Circulation Coin - Commemorative Coin - Collector Coin

Started by chrisild, July 08, 2010, 08:20:29 PM

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You may have noticed that we have different boards for "Circulation and commemorative euro coins" and "Collector coins". Now you may say, every coin can be interesting for a collector and is therefore a collector coin. Or you may point out that you have seen at least some commemorative coins in circulation. Well, these are the European Union's legal terms for the three types of coins we have:

* Circulation Coins:
Those are the regular pieces, 1 cent to 2 euro, that you come across every day (provided you are in the euro area :) ). All these coins, no matter which euro country issues them, are legal tender throughout the euro area.

* Commemorative Coins:
These are €2 pieces that have the regular reverse (common side) and a special obverse (country specific side). Every euro country can issue up to two commemorative coins per year. In addition to that, there may be common issues (same basic design for all euro area member states) from time to time; then an additional commem is OK in that year. Such €2 commems are legal tender throughout the euro area.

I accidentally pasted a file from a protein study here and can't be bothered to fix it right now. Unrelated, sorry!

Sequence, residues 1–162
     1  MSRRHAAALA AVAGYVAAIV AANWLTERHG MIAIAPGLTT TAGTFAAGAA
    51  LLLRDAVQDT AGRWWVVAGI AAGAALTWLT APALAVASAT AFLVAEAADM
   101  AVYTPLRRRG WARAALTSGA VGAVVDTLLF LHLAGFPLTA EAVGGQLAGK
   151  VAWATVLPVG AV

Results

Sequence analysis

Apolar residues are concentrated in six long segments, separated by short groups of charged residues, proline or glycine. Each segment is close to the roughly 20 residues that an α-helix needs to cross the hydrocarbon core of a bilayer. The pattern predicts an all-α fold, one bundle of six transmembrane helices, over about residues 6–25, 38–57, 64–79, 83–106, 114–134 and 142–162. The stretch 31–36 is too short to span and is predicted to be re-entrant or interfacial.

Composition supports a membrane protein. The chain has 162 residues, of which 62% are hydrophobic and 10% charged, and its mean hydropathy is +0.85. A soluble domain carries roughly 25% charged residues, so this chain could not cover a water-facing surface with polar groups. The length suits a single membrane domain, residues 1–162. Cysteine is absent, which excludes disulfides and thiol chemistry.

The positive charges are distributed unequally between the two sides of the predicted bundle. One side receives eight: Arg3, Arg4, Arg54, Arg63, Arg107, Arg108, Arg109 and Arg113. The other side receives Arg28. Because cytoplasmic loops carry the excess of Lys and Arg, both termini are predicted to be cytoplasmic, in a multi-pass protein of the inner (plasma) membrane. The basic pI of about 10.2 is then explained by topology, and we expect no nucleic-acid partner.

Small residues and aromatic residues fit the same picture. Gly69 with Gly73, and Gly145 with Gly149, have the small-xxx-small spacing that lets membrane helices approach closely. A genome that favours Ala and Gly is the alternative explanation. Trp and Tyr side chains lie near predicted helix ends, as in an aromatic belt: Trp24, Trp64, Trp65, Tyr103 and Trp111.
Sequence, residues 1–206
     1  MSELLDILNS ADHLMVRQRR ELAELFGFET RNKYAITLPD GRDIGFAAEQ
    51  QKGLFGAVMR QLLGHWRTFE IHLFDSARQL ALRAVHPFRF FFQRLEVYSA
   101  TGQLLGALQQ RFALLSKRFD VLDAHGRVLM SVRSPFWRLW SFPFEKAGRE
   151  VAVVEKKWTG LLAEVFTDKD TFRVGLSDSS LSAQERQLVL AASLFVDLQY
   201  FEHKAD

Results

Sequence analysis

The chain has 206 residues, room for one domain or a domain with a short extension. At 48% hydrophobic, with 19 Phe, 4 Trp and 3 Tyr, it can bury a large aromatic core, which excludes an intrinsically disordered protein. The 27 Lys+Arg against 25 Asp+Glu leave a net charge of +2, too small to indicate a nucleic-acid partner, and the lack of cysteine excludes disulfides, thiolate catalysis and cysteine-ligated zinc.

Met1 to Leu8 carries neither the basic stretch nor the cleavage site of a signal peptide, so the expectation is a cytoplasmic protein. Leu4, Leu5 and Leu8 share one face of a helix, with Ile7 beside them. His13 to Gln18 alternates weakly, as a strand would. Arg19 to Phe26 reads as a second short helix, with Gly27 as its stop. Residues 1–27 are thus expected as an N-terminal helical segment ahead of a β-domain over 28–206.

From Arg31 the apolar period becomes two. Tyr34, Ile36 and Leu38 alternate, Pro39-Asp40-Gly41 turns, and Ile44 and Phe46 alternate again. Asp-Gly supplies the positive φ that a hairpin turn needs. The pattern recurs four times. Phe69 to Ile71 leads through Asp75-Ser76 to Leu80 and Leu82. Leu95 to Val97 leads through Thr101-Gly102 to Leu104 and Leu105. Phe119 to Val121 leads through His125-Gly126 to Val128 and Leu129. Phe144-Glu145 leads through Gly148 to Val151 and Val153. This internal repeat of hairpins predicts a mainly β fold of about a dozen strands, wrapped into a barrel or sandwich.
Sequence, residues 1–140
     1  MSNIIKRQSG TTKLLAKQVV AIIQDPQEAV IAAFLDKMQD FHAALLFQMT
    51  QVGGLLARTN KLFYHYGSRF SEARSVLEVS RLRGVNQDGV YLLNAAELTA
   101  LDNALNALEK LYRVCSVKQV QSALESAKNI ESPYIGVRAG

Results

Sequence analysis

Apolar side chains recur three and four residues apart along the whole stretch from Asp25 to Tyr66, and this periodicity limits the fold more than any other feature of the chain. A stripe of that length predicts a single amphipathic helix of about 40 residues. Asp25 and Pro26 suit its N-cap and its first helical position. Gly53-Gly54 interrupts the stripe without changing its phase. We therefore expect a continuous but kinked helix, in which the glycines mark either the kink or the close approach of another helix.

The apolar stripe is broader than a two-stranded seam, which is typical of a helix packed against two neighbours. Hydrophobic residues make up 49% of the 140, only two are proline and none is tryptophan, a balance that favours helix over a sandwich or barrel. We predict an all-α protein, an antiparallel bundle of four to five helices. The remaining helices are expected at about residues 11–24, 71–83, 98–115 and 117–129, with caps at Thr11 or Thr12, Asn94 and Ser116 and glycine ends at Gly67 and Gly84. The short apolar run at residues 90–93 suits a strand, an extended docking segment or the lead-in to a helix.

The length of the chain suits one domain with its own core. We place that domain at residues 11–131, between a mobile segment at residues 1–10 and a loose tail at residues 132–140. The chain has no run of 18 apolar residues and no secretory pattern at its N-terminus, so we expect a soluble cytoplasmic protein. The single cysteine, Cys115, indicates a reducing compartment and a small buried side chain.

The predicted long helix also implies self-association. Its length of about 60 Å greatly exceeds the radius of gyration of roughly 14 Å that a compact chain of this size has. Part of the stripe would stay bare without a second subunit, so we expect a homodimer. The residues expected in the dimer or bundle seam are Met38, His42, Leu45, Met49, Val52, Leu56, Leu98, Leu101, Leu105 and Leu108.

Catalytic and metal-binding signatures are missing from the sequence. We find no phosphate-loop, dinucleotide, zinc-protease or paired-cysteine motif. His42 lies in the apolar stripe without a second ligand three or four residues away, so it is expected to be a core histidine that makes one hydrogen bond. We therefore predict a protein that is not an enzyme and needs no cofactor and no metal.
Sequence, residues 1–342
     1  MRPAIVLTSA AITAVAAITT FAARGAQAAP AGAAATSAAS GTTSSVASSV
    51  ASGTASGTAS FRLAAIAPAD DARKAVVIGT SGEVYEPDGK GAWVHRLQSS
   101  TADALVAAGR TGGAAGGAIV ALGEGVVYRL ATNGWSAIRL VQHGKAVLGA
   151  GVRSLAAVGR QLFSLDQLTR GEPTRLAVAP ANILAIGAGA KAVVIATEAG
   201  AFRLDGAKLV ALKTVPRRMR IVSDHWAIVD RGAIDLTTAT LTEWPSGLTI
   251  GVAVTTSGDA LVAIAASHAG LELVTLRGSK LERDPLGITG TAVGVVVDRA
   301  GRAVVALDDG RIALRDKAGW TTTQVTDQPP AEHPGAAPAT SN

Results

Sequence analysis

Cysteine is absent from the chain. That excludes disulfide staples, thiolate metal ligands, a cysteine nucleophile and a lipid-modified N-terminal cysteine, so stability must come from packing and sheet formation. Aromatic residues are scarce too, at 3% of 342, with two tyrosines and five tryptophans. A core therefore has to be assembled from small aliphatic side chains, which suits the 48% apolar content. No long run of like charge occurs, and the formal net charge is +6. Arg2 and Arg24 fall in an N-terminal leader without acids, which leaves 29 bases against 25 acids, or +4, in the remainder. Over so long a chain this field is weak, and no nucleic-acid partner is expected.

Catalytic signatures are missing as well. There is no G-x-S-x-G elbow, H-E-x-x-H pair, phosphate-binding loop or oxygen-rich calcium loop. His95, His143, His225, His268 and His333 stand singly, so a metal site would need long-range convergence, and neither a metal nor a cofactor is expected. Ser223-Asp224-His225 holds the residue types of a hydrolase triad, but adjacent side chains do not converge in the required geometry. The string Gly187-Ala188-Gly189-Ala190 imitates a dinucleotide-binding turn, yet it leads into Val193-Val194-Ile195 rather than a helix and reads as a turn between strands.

* Collector Coins:
These are coins, usually gold or silver pieces, that are made primarily for collectors. They have to be different from circulation coins and commems in various regards. Collector coins are legal tender in the issuing country only.

Here is a brief overview, from the European Commission website about euro coins:

Note that it says "Issued at face value" for both circulation and commemorative coins. Well, that does not mean you can get them all at face. Especially the non-EU countries that may issue euro coins (Andorra, Monaco, San Marino, Vatican) make money with their money ...



You may have noticed that acording to the overview (PDF), collector coins are "not intended for circulation". The European Commission emphasizes that aspect even more:
Am I allowed to use collector coins issued by my Member State as means of payment?
Though Euro collector coins are legal tender in the Member State of issuance, this legal tender aims only at distinguishing them form medals. Collector coins should not be used as means of payments. Member States should take all appropriate measures to prevent these coins from circulating (for example, by special packaging, clear communication, use of precious metal, sale prices above face value).
Additional information:

Note the use of the word "should". This is just a recommendation; member states may well issue collector coins at face. But apparently it is not exactly endorsed ...